thought. It is common for some to think of Japanese and western communication styles as oppositional: western communication being based on camaraderie and Japanese communication on deference. But a simple glance at everyday communication between two Japanese interlocutors in their L1, for example, can help dispel this assumption: not all communication in Japan is based on deference. In fact,one can easily find examples of both Japanese communication and western communication that share more similarities than differences. This reiterates the argument that essentialist views on language use can impede the development of interlanguage pragmatic awareness.
In effect, no particular language can be said to be more polite , more pragmatically refined or pragmatically intense than another. Saying,for example,that the use of yoroshiku onegaitashimasu (perhaps difficult to translate in English verbatim) effectively positions the Japanese language and culture as more formal and polite than English is based on a misconception of politeness. It should even raise some eyebrows as to the intentions behind such claim. Kristiansen and Geeraerts (2007) question this essentialist approach to contrastive pragmatics in a two-fold rebuke:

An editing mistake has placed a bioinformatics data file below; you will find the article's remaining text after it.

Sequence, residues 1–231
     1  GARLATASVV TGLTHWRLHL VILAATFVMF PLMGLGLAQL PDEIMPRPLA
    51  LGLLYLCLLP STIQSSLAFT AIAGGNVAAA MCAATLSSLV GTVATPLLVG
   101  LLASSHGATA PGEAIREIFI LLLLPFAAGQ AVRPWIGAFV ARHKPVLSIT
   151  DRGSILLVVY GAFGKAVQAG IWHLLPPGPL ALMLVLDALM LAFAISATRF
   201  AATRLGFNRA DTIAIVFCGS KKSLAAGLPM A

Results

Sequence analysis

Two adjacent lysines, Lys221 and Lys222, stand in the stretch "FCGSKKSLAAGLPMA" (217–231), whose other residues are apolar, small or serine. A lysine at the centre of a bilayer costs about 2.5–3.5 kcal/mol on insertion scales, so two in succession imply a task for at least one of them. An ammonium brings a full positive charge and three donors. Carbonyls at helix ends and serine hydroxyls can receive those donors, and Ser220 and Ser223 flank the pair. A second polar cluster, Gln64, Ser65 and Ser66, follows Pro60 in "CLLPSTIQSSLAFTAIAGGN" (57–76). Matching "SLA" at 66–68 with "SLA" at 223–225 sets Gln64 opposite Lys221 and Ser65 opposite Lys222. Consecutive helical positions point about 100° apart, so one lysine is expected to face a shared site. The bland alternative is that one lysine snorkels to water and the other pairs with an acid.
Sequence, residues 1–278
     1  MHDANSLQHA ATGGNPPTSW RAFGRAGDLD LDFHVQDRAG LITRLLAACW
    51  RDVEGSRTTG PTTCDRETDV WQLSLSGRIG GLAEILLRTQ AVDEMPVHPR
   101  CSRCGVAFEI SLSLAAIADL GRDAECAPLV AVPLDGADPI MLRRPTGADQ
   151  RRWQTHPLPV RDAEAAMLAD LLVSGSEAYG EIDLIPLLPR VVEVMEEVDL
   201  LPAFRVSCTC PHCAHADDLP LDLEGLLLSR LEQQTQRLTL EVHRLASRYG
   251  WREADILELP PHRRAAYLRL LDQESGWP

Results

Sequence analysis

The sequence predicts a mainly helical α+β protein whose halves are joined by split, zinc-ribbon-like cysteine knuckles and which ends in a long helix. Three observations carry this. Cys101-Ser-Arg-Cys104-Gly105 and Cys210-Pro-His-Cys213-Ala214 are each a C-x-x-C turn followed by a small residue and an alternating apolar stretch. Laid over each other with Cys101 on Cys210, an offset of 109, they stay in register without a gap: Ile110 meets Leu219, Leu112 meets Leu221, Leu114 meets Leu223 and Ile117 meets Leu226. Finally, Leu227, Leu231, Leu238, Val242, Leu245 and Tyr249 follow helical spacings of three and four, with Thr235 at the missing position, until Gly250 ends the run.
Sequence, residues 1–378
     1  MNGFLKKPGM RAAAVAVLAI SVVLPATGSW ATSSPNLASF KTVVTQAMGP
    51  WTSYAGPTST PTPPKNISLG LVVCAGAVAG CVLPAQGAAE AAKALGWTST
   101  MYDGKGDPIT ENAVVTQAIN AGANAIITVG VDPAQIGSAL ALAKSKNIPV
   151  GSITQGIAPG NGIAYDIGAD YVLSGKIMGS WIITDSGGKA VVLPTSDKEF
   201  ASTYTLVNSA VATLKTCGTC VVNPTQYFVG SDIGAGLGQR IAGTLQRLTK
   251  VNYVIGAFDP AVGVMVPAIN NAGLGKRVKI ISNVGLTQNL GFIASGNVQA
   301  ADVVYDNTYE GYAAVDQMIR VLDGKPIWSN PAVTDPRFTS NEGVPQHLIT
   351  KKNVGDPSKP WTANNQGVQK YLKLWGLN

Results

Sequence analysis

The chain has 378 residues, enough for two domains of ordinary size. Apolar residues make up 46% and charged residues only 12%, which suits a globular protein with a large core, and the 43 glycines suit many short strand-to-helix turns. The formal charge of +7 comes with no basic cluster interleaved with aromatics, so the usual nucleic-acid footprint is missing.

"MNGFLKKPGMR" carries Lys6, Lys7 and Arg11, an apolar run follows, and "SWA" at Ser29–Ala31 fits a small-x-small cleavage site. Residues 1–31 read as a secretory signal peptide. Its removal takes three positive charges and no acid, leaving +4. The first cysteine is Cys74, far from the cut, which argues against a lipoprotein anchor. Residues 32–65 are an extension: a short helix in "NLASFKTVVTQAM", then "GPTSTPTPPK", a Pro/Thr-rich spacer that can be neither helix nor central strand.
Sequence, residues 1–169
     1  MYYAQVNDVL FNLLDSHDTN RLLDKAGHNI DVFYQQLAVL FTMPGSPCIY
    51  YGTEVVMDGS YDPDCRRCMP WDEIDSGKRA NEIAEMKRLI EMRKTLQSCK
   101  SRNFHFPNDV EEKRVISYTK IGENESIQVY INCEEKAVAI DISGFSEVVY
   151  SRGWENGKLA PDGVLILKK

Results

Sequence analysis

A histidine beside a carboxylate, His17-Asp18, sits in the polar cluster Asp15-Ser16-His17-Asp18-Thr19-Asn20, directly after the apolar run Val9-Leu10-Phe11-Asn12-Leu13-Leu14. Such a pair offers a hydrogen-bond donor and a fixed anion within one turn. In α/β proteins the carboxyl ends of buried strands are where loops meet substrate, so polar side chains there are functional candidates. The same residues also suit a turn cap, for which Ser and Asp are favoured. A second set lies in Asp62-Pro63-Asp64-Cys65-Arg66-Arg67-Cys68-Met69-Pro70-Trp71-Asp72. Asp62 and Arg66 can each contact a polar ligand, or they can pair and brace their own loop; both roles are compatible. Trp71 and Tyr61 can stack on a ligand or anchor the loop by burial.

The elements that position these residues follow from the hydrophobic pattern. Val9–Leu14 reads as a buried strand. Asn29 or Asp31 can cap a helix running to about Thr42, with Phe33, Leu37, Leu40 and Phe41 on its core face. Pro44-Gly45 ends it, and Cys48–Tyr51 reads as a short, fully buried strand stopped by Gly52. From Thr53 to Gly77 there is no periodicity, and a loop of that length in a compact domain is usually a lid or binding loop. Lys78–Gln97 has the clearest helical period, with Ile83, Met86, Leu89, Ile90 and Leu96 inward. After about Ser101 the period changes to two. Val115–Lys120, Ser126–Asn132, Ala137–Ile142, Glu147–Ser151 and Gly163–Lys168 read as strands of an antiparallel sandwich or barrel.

1. even if there is no literal translation［for certain expressions found in a language］, does that really mean that［other］languages do not possess the same or similar concepts? Idiomatic expressions, stock phrases, metaphors and lexemes, even syntactic variants are resources which speakers can, and do readily draw on in order to evoke a given concept. Is it legitimate to focus on one type of expression only［...］?
a given culture? To what extent does frequency of occurrence of a lexical item reflect the central values of a given culture at all? How,in other words,do we establish cultural centrality on the basis of a lexical analysis?(p. 262)
A common misconception among Japanese EFL learners is that, because their L1 emphasizes formulaic politeness (polite forms being literally encoded in verb endings), then the language is de facto more polite than English, which does not follow the same strategies. A contrastive pragmatic approach to language use questions the reasons behind such assumptions. It argues,for example,that politeness is an entirely negotiated communicative phenomenon. As such, while for-mulaic routines can be useful in expressing politeness, they do not ensure it. Being polite ,as Bourdieu (1991)would argue,is having a feel for the game . Such feel cannot be simply encapsulated in formulaic routines:it has to be negotiated within context,as communi-cation unfolds. What is important to remember here is that prag-matics is concerned with variations in language use. The kind of information revealed by a non-essentialist pragmatic analysis helps language learners contrast various ways the L2 can be used in different contexts and situations,thus paving the way for pragmatic awareness.